Autonomy: Normative | Internet Encyclopedia of Philosophy

We shall return to these examples later on. Consequentialists are of course not bereft of replies to these two criticisms.

Deceptive advertising and deontology

This move opens up some space for personal projects and relationships, as well as a realm of the morally permissible. It is not clear, however, that satisficing is adequately motivated, except to avoid the problems of maximizing.

Nor is it clear that the level of mandatory satisficing can be nonarbitrarily specified, or that satisficing will not require deontological constraints to protect satisficers from maximizers. On this view, our negative duty is not to make the world worse by actions having bad consequences; lacking is a corresponding positive duty to make the world better by actions having good consequences Bentham ; Quinton We thus have a consequentialist duty not to kill the one in Transplant or in Fat Man; and there is no counterbalancing duty to save five that overrides this.

Feb 25,  · Ethical Theories and Advertising February 25, Advertising ethics has changed drastically over the years. What was acceptable advertising in the s would probably not be acceptable in today’s society. The first that comes to mind is Deontology. Deontology is most associated with German philosopher Immanuel Kant. Oct 22,  · Deontological Essay; Deontological Essay. Kant Deontological Theory. Words | 7 Pages Deontology and Accounting Ethics Amanda Dunn Liberty University Introduction Body 1 Ethical Systems Description 1 Deontological 2 Utilitarian 2 Ethical Systems Evaluation 1 Organizational Culture of Accounting 2 AICPA . The term ‘false advertising’, which is also referred to as deceptive advertising, is an illegal action taken by a marketer, manufacturer, or seller of a particular good or service to inaccurately advertise their underlying product.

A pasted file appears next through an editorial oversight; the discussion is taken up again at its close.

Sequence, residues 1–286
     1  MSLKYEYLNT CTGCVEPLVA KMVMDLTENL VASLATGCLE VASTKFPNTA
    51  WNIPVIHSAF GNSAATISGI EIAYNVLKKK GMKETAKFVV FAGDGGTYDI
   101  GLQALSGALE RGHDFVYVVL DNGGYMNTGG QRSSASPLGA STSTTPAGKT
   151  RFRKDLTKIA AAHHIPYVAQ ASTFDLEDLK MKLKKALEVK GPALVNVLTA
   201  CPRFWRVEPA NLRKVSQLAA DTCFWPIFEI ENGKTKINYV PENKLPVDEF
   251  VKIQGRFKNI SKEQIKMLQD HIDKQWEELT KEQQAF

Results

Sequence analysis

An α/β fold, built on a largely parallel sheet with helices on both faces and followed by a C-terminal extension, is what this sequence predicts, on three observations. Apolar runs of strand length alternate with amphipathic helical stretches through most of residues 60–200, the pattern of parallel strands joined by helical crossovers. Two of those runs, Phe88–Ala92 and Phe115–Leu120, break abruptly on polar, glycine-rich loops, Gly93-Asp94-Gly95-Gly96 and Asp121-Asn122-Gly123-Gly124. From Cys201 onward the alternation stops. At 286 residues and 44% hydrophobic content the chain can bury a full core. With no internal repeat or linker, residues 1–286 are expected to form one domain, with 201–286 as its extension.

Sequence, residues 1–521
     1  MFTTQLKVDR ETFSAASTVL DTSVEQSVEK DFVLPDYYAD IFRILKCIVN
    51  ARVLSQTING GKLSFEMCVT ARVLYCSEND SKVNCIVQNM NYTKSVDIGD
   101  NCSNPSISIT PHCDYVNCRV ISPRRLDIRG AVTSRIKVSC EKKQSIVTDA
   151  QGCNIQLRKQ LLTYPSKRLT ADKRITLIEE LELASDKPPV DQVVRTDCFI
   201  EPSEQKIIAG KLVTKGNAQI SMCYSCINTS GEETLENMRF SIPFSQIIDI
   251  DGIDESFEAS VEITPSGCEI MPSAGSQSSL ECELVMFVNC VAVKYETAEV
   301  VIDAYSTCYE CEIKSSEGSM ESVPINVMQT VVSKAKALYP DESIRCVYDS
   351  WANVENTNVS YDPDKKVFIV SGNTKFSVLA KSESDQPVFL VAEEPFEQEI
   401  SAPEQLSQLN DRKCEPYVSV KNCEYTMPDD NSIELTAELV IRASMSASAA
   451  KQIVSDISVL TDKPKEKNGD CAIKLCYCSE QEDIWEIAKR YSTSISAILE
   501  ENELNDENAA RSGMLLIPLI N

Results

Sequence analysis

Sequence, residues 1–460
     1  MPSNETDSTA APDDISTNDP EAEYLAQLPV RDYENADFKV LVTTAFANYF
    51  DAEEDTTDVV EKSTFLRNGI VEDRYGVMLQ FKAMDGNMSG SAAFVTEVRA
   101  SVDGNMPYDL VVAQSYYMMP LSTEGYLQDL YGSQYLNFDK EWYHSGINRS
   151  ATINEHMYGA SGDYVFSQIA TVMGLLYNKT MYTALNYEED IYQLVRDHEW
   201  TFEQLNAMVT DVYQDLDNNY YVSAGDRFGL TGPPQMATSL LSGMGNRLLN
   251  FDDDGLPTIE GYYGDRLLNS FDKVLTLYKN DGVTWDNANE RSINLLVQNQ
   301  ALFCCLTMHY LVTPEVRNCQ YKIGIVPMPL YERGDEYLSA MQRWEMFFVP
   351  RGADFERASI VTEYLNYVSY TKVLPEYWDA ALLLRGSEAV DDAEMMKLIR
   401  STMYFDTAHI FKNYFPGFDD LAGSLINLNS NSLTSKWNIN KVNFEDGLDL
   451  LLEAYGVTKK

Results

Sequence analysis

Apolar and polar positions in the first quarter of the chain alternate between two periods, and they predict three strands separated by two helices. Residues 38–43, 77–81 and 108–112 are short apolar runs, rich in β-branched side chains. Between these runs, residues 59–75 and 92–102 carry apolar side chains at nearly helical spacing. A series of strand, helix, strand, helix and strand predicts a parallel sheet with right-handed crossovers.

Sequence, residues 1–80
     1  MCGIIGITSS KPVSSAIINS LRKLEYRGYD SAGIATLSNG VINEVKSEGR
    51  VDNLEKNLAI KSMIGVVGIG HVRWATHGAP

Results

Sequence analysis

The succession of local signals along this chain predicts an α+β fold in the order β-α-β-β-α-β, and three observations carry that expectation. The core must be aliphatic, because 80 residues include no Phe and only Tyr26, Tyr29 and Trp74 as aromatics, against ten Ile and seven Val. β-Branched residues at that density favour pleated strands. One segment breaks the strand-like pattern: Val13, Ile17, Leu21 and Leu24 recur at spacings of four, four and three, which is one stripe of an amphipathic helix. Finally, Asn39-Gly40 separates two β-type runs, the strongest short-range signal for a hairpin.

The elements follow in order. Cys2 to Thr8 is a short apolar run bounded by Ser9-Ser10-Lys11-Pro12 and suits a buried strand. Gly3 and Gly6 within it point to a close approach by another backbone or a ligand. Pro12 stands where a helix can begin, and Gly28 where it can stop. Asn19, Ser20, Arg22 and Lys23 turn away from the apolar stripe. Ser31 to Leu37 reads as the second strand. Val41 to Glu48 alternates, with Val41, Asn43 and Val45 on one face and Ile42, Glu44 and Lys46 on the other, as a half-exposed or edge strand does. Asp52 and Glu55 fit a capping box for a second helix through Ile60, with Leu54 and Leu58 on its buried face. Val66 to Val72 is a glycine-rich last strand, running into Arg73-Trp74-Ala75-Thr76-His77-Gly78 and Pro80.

Yet as with the satisficing move, it is unclear how a consistent consequentialist can motivate this restriction on all-out optimization of the Good.

Yet another idea popular with consequentialists is to move from consequentialism as a theory that directly assesses acts to consequentialism as a theory that directly assesses rules—or character-trait inculcation—and assesses acts only indirectly by reference to such rules or character-traits Alexander Its proponents contend that indirect consequentialism can avoid the criticisms of direct act consequentialism because it will not legitimate egregious violations of ordinary moral standards—e.

The relevance here of these defensive maneuvers by consequentialists is their common attempt to mimic the intuitively plausible aspects of a non-consequentialist, deontological approach to ethics.